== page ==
Application: Principle 4.2.3: The identified purposes should be specified to the individual at or before the time of collection. Principle 4.3: The knowledge and consent of the individual are required for the collection, use, and disclosure of personal information, except where inappropriate. Principle 4.3.2: Pursuant to the "knowledge" requirement, organizations must make a reasonable effort to ensure that the individual is advised of the purpose for which the information will be used; for consent to be meaningful, purposes must be so stated that the individual can reasonably understand how the information will be used or disclosed. Principle 4.3.5: In obtaining consent, the reasonable expectations of the individual are also relevant. Principle 4.5: Personal information must not be used or disclosed for purposes other than those for which it was collected, except with the consent of the individual or as required by law.
The Commissioner found especially interesting the question the complainant himself had raised: Why had the organization not thought it necessary to inform him on his subscription card that it was intending to disclose the information he was providing on the card? The Commissioner observed that, in posing this question, the complainant had in effect been expressing his expectation that the magazine should have brought its secondary purpose to his attention up front, on the occasion when he was making the decision to subscribe and thereby entrust his personal information to the organization. The Commissioner's task was to determine whether such expectation on the complainant's part had been reasonable.
He noted that he had previously established the position that an individual whose consent to third-party disclosures is being merely assumed has all the more reason to expect the organization to be forthright and diligent about explaining its intentions and affording an opportunity to opt out. The Commissioner has tended accordingly to give full weight to the "knowledge" principles, notably Principle 4.2.3 and 4.3.2, as well as to the individual's reasonable expectations as deemed relevant under Principle 4.3.5.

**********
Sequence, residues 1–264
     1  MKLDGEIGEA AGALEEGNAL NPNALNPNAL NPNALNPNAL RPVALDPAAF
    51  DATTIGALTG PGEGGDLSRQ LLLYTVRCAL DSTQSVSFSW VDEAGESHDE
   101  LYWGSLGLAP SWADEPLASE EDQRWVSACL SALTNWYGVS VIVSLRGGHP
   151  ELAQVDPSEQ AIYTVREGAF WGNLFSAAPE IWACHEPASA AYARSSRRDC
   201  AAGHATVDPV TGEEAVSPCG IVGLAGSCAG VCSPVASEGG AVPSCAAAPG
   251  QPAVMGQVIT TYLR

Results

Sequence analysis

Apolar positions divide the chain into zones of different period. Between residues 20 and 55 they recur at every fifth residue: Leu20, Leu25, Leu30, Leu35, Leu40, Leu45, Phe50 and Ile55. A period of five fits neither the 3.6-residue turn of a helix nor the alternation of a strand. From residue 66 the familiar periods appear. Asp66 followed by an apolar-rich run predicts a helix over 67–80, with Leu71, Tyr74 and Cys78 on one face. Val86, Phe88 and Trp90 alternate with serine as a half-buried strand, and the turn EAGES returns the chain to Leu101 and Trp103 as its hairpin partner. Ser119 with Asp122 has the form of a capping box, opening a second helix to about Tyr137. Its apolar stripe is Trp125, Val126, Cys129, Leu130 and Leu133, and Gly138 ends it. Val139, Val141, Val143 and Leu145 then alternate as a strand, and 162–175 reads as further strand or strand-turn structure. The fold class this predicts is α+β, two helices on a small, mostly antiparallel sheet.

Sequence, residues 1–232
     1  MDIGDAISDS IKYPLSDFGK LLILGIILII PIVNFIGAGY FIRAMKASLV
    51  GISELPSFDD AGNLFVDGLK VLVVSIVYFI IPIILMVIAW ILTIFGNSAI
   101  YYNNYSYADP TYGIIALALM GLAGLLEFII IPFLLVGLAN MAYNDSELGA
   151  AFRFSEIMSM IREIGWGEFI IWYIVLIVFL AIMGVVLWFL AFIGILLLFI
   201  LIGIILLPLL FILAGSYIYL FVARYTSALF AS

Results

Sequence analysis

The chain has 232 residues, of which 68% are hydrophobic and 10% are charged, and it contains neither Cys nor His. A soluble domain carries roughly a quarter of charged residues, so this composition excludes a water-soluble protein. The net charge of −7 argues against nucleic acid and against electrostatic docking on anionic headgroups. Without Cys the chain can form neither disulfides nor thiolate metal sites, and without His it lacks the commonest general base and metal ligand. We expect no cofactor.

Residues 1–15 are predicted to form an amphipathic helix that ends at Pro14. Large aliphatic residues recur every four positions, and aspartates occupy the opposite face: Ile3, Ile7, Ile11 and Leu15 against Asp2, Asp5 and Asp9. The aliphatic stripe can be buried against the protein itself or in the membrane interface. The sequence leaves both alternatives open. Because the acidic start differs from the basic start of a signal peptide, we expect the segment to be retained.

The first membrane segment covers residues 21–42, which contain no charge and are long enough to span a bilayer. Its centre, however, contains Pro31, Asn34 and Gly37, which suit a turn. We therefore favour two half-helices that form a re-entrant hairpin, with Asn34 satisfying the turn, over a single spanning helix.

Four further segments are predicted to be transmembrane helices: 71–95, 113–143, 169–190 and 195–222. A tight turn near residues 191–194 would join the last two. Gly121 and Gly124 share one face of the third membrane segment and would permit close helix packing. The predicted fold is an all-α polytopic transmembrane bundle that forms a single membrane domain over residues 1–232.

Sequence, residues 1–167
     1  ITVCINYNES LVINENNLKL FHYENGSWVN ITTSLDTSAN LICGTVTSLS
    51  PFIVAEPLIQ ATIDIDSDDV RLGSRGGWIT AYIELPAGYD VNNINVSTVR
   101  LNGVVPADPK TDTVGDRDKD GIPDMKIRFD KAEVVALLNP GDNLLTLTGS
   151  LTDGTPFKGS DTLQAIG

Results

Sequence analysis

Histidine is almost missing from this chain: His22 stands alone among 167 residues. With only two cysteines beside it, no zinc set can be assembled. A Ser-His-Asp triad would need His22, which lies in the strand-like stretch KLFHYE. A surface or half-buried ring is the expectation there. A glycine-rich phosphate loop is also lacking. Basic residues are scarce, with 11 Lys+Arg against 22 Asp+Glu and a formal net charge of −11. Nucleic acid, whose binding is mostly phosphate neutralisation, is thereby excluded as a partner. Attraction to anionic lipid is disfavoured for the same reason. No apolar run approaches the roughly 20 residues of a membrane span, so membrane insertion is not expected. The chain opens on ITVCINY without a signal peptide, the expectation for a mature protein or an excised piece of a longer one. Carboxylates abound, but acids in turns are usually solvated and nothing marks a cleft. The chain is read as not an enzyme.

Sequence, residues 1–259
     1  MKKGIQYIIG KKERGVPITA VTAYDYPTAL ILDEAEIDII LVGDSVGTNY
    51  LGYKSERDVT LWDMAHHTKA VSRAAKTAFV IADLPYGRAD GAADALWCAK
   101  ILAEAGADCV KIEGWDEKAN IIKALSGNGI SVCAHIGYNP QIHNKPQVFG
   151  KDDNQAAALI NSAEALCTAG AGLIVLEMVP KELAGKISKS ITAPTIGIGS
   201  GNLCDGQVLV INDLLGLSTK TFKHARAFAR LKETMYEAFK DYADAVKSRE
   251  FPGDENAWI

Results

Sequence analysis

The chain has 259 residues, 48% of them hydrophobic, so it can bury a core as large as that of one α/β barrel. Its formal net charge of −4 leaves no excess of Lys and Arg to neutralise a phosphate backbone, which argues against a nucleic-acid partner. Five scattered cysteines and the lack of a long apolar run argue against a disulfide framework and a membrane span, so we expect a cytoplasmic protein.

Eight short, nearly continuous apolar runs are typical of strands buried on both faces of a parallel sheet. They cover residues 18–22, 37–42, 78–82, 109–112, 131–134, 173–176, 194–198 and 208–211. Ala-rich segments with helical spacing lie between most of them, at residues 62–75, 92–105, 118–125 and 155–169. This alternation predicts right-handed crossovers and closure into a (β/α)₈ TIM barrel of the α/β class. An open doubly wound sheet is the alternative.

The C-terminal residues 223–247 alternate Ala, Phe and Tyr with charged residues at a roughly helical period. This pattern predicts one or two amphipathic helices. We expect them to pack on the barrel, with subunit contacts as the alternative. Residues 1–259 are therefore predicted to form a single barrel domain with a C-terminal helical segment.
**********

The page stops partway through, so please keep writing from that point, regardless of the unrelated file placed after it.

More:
Since it was taking the liberty of assuming the complainant's consent to the secondary purpose, the organization should have also taken pains to bring that purpose clearly and directly to the complainant's attention at the time he was considering his subscription. The complainant had had good reason to expect
- to be informed, on the spot, of any assumption of his consent;
- to have any secondary purposes brought to his attention and explained on the spot, so that he would know what items of his personal information were at risk of being disclosed and the nature of the third parties to which disclosure was intended; and
- in the event that he did not consent, to be provided, on the spot, with a convenient and immediate opportunity to opt out before any unwanted disclosure occurred.